Major General Greg Lusk, Adjutant General for the North Carolina National Guard, speaking with U.S. Ambassador to Tanzania Mark Childress, Permanent Secretary of the Ministry of Natural Resources and Tourism (MNRT) Major General Gaudence Milanzi, and game scouts. The game scouts are participating in training conducted by U.S. military experts and funded by the U.S. government to increase their capacity to combat wildlife poaching and trafficking. (Photo Courtesy of U.S. Embassy)
U.S. Embassy Dar es Salaam
August 26, 2016
For Immediate Release
U.S. Army and National Guard Train 50 Tanzanian Game Scouts
Rungwa Game Reserve, TANZANIA. On Wednesday, Ambassador Mark Childress observed a training demonstration of field techniques learned by Tanzanian game scouts to increase their capacity to combat wildlife poaching and trafficking in Rungwa Game Reserve. The game scouts have been participating in a training conducted by U.S. military experts from U.S. Army Africa Combined Joint Task Force - Horn of Africa and the North Carolina National Guard Special Forces, and funded by the U.S. government.
During two three-week training sessions between July 25 and September 9, 50 Tanzanian game scouts are being trained in surveillance and patrol techniques, arrest and detention procedures, search and seizure, crime scene investigation, first aid, human rights and rules of engagement.
Major General Greg Lusk, Adjutant General for the North Carolina National Guard, traveled to Tanzania to observe the training. Wednesday’s demonstration of field techniques was also attended by the Permanent Secretary of the Ministry of Natural Resources and Tourism (MNRT) Major General Gaudence Milanzi, the Project Manager of Rungwa Game Reserve Saidi Kabanda, and the Country Director of the Wildlife Conservation Society (WCS), Tim Davenport.
This training program was initiated after Ambassador Childress visited Rungwa Park in 2015. Seeing the need for capacity building and improved infrastructure to stop the alarming rates of poaching in the Game Reserve, the Ambassador pledged to take quick action and, within a year, marshalled support from a variety of partners to assist the game scouts. He highlighted that an infusion of support from The Wyss Foundation provided equipment and light gear to game scouts at a post that had been taken over by poachers, enabling the game scouts to patrol this post during the rainy season for the first time in more than a decade. At the event on Wednesday, the Ambassador remarked, “This program highlights the strong collaboration that the United States has with Tanzania and is a model of what can be achieved when we all work together: government, security forces, the international community, NGOs, the private sector, and Tanzanian citizens across the country.”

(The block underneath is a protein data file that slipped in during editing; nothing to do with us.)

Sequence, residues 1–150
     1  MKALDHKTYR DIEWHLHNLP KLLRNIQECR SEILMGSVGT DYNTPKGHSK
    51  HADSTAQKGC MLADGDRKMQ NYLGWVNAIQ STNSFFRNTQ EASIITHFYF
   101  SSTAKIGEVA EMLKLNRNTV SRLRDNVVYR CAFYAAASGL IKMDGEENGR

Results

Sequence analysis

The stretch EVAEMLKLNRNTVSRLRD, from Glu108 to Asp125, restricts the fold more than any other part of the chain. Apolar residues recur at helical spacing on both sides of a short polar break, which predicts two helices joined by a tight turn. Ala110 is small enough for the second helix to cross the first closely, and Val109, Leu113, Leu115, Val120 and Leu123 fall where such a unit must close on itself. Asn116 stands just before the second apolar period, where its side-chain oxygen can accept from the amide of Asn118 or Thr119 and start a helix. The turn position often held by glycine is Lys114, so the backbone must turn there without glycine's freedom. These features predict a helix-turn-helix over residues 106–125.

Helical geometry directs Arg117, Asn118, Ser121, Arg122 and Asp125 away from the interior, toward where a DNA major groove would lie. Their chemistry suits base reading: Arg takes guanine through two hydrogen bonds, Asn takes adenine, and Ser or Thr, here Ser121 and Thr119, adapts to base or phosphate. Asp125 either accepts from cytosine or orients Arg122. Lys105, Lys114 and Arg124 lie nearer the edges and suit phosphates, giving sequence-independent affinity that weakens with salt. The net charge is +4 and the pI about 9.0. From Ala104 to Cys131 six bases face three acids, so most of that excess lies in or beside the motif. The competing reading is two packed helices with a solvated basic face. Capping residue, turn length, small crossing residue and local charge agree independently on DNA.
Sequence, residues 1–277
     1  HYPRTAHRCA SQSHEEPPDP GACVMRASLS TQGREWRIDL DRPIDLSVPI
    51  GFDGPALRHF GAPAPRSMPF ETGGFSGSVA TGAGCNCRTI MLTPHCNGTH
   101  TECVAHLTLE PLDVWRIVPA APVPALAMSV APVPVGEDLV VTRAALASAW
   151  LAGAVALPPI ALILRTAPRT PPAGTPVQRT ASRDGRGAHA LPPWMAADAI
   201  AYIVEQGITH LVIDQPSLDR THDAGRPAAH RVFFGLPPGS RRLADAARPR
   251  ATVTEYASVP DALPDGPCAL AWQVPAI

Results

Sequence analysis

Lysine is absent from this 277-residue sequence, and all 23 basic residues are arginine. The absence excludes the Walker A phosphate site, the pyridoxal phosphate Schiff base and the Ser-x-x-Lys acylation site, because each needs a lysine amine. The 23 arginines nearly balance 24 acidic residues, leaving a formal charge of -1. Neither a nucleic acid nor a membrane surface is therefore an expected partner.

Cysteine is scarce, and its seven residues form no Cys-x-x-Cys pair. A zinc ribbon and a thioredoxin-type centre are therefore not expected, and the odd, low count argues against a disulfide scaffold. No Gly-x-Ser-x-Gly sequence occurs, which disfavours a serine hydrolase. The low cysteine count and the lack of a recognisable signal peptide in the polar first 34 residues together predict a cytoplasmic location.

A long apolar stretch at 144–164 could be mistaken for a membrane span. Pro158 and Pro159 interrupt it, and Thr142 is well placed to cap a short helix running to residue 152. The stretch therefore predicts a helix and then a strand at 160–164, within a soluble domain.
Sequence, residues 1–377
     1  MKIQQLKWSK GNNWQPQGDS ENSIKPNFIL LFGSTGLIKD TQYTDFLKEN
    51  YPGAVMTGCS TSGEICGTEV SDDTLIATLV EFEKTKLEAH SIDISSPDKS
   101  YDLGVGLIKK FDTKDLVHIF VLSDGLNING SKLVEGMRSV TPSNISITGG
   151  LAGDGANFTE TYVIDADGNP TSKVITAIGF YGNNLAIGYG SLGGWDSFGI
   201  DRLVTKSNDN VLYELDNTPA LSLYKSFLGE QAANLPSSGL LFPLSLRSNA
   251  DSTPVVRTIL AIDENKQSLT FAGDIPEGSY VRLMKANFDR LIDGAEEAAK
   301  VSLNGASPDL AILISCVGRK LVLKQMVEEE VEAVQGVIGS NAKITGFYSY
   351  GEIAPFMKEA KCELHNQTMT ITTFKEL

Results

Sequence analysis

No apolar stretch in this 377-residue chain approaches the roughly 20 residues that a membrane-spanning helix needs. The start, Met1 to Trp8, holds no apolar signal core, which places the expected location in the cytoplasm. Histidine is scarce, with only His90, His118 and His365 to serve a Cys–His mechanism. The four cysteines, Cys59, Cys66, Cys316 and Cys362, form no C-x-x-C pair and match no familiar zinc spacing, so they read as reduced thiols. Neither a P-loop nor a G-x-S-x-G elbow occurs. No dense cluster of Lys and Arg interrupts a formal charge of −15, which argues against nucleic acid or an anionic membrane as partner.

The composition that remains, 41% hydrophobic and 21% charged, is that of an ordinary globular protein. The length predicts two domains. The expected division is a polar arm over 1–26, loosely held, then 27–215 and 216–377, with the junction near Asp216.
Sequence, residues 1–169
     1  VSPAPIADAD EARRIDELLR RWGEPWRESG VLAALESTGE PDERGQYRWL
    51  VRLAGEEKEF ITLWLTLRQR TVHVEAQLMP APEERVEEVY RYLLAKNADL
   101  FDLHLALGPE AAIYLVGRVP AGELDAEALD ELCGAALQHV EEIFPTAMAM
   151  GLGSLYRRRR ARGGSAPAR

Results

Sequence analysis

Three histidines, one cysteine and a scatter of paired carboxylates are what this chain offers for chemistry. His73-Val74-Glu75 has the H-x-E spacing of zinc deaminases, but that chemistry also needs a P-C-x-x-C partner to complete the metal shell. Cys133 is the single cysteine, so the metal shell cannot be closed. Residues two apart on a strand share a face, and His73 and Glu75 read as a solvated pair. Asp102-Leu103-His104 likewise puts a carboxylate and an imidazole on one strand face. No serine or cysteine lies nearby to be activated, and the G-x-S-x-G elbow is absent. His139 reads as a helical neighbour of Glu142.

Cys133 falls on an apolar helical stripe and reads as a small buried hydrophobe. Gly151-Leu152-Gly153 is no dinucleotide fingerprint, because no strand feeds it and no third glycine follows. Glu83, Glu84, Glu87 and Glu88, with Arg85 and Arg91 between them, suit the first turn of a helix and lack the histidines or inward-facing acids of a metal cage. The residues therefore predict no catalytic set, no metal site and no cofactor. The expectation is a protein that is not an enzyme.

This program is one part of a major effort by the U.S. Government and other partners to protect the elephant and wildlife corridor between Rungwa and Katavi, thus conserving a critical link between the Ruaha-Rungwa and Katavi ecosystems. The U.S. Agency for International Development (USAID), in partnership with WCS, is supporting the $8.5-million five-year Southern Highlands and Ruaha-Katavi Protection Program (SHARPP). SHARPP is focused on four key areas: wildlife management areas (WMAs); livelihoods; habitat management; and elephant monitoring and protection. In addition to this capacity training for the game scouts in Rungwa, WCS, with support from both USAID and private funds, has also conducted training with Tanzanian game scouts on crime scene management, the Spatial Monitoring and Reporting Tool (SMART), and rapid reaction.
More information about the Ruaha-Rungwa and Katavi ecosystems is available here:
To request more information about this event, please email Japhet Sanga (SangaJJ@state.gov), Senior Information Specialist at U.S. Embassy Dar es Salaam.